Two more years to go, but the path is outlined.
With the proposal of 27th October, the European Commission has confirmed the set of rules that will tighten banks' minimum capital requirements and limit the use of IRB (Internal Rating Based) assessment models.
Gianni Zorzi, professor of Risk Management and International Finance at the University of Udine and Head of Compliance for modefinance, explain: «The European Commission aims at bringing greater consistency between the valuation models adopted by banks to calculate their Risk-Weighted Assets (RWA). The proposal confirmed the introduction of a permanent aggregate "output floor" which will set a minimum level for capital requirements calculated through IRB models, the outcome of which may not fall below 72.5% of that estimated under the current standardized SA-CR approach».
Should the proposal be confirmed next year, banks will have a five-year transition period – from 2025 to 2030 – during which the adherence percentage set by the output floor will gradually increase. Thus, from 2025 onwards, banks will no longer be able to rely solely on their internal rating models, but will also be required to use the standardized approach as a touchstone, involving the recourse to external ratings developed by the ECAI rating agencies to determine credit quality and capital buffer.
But what does such a change entail?
How much will the new regulation cost to banks?
To dilute the impact of the new regulation on bank capital, the proposal envisaged transitional relief until 2032. At the end of this period, the new system will lead to an increase in overall capital requirements of between 8% and 9%, according to estimates by European Commission Vice-President Valdis Dombrovskis.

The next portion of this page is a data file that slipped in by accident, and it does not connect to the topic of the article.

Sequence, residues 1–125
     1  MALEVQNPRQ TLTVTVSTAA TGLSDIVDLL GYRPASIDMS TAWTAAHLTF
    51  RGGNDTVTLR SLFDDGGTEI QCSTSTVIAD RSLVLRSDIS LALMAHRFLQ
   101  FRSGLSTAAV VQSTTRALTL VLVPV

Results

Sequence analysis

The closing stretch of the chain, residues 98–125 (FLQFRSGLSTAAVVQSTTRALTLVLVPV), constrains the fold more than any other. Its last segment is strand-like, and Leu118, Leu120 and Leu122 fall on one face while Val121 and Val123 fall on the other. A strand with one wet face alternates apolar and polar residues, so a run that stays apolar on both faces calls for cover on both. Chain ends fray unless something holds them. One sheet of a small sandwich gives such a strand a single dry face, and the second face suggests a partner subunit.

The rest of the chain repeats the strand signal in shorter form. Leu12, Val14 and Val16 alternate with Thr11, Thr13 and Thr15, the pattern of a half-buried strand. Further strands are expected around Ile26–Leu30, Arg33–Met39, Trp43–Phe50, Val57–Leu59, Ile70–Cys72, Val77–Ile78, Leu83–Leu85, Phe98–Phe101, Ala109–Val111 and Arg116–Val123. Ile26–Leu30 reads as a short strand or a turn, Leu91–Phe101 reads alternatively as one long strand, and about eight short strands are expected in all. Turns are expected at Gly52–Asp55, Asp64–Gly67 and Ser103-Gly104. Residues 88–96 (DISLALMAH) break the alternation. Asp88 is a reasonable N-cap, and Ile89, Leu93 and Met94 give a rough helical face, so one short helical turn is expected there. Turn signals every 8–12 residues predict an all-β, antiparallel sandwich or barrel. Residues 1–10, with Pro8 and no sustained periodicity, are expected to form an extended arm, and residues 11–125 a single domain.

But banks will also have to bear hidden costs. The adoption of standardized methods for calculating capital requirements is currently extremely limited due to the costs and time required to issue a rating. Instead, at the end of the transition period, banks should use ECAI ratings to calculate capital requirements for most of their exposures.
«The adoption of a standardized model should not result in a slowdown of the rating procedures, which would inevitably result in congestion of the banking system and prolongation of credit disbursement times – comments Chiara di Piazza, Senior Rating Analyst and head of the ECAI rating project –. Thanks to modefinance's expertise in the automation of credit rating processes, we have developed a fast rating process that allows us to obtain a fully valid ECAI rating for the calculation of RWA within a few hours».
A Fintech approach to ECAI rating issuance
An internal procedure that traces the issuance of a traditional Credit Rating, yet largely automated through the use of proprietary Fintech methodologies; this is the underlying concept of modefinance's ECAI rating process. The Tigran portal, already in use by banks and financial institutions and recently patented for the flexibility and uniqueness of the platform, has been adapted to the specific needs of financial analysts. The solution performs an automated analysis workflow subjected to the constant control of the analyst, who always has the possibility, at any stage of the process, to add qualitative assessment and overwrite the analysis result.
The procedure results in the issue of an unsolicited public rating, fully compliant with the regulations established by the European Supervisory Authorities, which have recognized the equal quality of modefinance's solicited and unsolicited ratings. Ratings are communicated to the rated party and distributed by subscription to the bank, which can thus benefit, in terms of both cost and timing, of a regulated and AI-based assessment process.
«Through this procedure – Di Piazza says – we can provide banks with an assessment of an entire portfolio within 1-2 weeks, in addition to the monitoring of assessed position».
Whether the path is already defined or yet to be mapped out, we are ready to step on it.